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 image: @peonylim Instagram

image: @peonylim Instagram

Social media influencers, publications, and the brands with which they are associated are finally being called out on a larger scale for non-disclosure of material connections, with both the Federal Trade Commission (“FTC”) in the U.S. and the Advertising Standards Authority (“ASA”) in the UK slowly beginning to clamp down on ethically questionable and oftentimes misleading practices.

More recently, the Competition and Markets Authority (“CMA”) has joined the UK battle, warning celebrities and influencers – as well as brands and publications – against endorsing products on social media or posting paid-for content without clearly stating that they had been compensated to do so.

As part of their investigation, the CMA found that between March and July 2015, Manchester-based agency Social Chain, for instance, had conducted 19 marketing campaigns featuring “widely-followed social media personalities” endorsing a range of apps, movies, and games, all without notifying their readers or reviewers that the content was, in fact, paid for. These campaigns involved a total of 43 individuals and 15 brands, featuring content on a number of platforms including Twitter, Instagram, and YouTube.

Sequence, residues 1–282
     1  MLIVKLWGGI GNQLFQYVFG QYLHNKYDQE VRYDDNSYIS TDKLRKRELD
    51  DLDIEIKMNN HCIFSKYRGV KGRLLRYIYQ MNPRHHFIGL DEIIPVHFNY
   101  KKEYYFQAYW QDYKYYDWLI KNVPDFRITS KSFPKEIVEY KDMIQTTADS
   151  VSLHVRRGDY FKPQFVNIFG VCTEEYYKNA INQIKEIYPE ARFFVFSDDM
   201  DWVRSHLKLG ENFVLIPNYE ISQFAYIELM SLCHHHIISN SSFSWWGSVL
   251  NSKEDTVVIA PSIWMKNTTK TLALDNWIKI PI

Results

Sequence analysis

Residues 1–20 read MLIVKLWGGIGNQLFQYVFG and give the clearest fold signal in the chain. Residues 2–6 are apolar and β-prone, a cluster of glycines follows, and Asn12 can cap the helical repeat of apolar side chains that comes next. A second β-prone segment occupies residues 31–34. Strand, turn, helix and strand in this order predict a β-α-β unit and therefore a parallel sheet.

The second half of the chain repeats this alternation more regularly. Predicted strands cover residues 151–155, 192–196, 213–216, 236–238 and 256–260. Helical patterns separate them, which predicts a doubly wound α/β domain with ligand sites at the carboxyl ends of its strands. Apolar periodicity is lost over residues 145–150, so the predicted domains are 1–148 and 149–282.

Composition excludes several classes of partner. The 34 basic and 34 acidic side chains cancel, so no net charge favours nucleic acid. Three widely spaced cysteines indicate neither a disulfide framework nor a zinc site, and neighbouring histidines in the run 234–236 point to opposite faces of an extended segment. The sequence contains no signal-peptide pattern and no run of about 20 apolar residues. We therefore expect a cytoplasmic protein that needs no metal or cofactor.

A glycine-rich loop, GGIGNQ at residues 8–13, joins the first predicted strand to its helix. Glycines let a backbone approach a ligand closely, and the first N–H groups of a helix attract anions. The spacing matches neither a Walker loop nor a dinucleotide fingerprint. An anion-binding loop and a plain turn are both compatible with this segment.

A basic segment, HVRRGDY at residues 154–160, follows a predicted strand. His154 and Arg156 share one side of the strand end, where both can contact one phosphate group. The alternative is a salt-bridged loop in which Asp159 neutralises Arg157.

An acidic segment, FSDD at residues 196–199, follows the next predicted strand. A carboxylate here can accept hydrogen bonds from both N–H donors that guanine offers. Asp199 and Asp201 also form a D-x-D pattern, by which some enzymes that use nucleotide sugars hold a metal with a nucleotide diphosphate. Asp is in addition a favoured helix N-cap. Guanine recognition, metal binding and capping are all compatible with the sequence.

image: @lapetiteanglaise Instagram

image: @lapetiteanglaise Instagram

Social Chain and its directors, Steven Bartlett and Dominic McGregor, have since signed agreements with the CMA to ensure that they “will not design, draft, prepare, or cause to be published editorial content which promotes a product but does not make clear that a trader has paid for the promotion,” as per the requirements of the Consumer Protection from Unfair Trading Regulations 2008.

In concluding their investigation, the CMA released an Open Letter to marketing departments, agencies, and their clients advising them to ensure the clear identification of paid promotions. Moreover, the CMA suggested that influencers and agencies should refuse requests from businesses to arrange unlabeled paid promotions – whether they be sponsored editorials or paid for job postings. The CMA has also used this letter to warn against the use of fake reviews.

It could be that we are finally seeing traction in the movement to protection consumers from the now well-recognized influential power of celebrities and social media personalities.  If we are lucky, this CMA investigation, paired with increased attention by the FTC and the ASA, might be indicative of a shift in attitudes towards enhanced consumer protection in a social media context. 

Stephanie Rose Kelly is an LLB Graduate from Glasgow, Scotland.  Despite now running her own business and working as Digital Marketing and Social Media Executive, she has maintained a keen interest in several areas of the law, particularly Intellectual Property Law.